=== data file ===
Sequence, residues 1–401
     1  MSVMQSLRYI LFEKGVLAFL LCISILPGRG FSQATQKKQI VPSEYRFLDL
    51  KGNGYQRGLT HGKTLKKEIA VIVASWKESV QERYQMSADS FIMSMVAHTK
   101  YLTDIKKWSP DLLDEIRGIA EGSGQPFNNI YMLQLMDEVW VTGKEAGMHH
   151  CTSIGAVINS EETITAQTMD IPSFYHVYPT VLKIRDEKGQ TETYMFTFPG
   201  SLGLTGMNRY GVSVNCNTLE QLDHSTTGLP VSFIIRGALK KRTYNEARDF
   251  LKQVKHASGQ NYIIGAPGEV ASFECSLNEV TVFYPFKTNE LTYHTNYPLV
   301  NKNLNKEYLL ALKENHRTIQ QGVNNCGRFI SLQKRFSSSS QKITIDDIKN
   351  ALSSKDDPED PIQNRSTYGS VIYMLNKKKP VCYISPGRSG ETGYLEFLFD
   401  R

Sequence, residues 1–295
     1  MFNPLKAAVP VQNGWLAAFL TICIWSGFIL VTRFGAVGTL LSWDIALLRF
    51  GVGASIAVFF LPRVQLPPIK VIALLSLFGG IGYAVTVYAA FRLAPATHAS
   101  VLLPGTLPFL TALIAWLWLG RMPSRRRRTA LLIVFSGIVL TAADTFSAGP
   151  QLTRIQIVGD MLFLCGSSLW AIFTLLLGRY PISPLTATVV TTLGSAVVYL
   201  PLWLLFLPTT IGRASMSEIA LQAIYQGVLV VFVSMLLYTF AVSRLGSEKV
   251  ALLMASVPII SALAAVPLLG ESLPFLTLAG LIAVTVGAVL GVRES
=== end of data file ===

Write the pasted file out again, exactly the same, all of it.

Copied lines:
Sequence, residues 1–401
     1  MSVMQSLRYI LFEKGVLAFL LCISILPGRG FSQATQKKQI VPSEYRFLDL
    51  KGNGYQRGLT HGKTLKKEIA VIVASWKESV QERYQMSADS FIMSMVAHTK
   101  YLTDIKKWSP DLLDEIRGIA EGSGQPFNNI YMLQLMDEVW VTGKEAGMHH
   151  CTSIGAVINS EETITAQTMD IPSFYHVYPT VLKIRDEKGQ TETYMFTFPG
   201  SLGLTGMNRY GVSVNCNTLE QLDHSTTGLP VSFIIRGALK KRTYNEARDF
   251  LKQVKHASGQ NYIIGAPGEV ASFECSLNEV TVFYPFKTNE LTYHTNYPLV
   301  NKNLNKEYLL ALKENHRTIQ QGVNNCGRFI SLQKRFSSSS QKITIDDIKN
   351  ALSSKDDPED PIQNRSTYGS VIYMLNKKKP VCYISPGRSG ETGYLEFLFD
   401  R

Sequence, residues 1–295
     1  MFNPLKAAVP VQNGWLAAFL TICIWSGFIL VTRFGAVGTL LSWDIALLRF
    51  GVGASIAVFF LPRVQLPPIK VIALLSLFGG IGYAVTVYAA FRLAPATHAS
   101  VLLPGTLPFL TALIAWLWLG RMPSRRRRTA LLIVFSGIVL TAADTFSAGP
   151  QLTRIQIVGD MLFLCGSSLW AIFTLLLGRY PISPLTATVV TTLGSAVVYL
   201  PLWLLFLPTT IGRASMSEIA LQAIYQGVLV VFVSMLLYTF AVSRLGSEKV
   251  ALLMASVPII SALAAVPLLG ESLPFLTLAG LIAVTVGAVL GVRES